Another Sauternes pairing? Well, it is helpful to have a number of tricks up your sleeve for sweet wine pairing. Most people do not want to drink too much sweet wine. But paired with the right food, it can balance the sweetness and richness of the wine so that anyone would want to come back for more! Whereas in the previous example the rich, buttery texture and flavor of the foie gras was the perfect foil for Sauternes and other rich, sweet, white wines, in this example a pungent and salty flavor is mellowed out by the sweetness of the wine. Roquefort, arguably the first and best blue cheese in the world, can be quite intense and salty on its own.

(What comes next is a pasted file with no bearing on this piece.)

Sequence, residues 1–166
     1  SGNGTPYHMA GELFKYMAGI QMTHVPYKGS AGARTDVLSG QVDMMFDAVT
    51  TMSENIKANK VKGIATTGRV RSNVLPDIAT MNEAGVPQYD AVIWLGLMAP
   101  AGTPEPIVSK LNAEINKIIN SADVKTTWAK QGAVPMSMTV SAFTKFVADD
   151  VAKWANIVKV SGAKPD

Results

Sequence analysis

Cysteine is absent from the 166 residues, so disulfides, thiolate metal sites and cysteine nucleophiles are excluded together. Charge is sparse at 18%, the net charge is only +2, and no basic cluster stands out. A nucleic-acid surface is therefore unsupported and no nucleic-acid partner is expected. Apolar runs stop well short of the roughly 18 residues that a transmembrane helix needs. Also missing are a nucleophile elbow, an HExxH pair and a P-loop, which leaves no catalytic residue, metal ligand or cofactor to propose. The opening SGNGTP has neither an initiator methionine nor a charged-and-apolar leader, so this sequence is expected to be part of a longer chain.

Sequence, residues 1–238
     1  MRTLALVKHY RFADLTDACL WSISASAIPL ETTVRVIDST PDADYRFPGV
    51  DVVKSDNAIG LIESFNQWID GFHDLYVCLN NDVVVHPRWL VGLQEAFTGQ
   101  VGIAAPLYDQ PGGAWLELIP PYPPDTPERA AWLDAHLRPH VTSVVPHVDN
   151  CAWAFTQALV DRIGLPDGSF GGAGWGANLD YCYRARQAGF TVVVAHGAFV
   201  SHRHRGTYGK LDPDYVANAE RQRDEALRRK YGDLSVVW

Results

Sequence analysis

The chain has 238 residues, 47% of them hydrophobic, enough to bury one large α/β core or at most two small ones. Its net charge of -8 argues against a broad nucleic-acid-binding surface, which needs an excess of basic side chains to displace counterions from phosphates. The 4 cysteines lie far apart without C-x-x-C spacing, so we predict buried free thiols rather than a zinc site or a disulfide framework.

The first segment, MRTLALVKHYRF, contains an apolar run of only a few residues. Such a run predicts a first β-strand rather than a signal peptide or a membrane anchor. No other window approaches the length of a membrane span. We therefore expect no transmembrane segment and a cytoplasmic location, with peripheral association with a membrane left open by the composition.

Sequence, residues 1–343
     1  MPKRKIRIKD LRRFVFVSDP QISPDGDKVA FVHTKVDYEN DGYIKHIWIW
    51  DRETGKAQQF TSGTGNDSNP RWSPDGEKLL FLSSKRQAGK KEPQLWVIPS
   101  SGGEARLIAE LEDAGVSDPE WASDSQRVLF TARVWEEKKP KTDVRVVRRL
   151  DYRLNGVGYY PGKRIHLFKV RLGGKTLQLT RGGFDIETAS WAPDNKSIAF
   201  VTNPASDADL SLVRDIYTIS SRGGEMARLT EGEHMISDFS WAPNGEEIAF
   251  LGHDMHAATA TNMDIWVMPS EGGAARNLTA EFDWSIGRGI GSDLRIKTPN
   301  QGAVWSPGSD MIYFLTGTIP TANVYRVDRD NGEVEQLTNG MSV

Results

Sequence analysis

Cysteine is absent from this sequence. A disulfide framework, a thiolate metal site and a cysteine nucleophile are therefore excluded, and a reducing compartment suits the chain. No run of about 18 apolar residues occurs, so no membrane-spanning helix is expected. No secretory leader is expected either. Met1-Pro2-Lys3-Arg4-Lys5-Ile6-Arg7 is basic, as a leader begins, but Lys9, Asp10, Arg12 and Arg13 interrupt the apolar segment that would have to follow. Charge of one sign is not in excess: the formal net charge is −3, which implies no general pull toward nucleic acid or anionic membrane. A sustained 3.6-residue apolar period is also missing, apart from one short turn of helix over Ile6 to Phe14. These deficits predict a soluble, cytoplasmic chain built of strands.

Unless paired with something else to tame it, it can be hard to eat alone. That is why it is often served in a salad with sweet flavors like pear and Roquefort. However, served alone with Sauternes or other rich, sweet, white wines, the intensity and saltiness are mellowed and buffered by the sweetness of the wine. This makes for a sublime tasting experience which has been a classic for many a year. Interestingly enough, Stilton, another classic blue cheese, seems much better suited to Port, while Roquefort, and even Gorgonzola, seem best with sweet white wines. We may never know why, but we can at least enjoy the otherworldly combination of flavors they give us!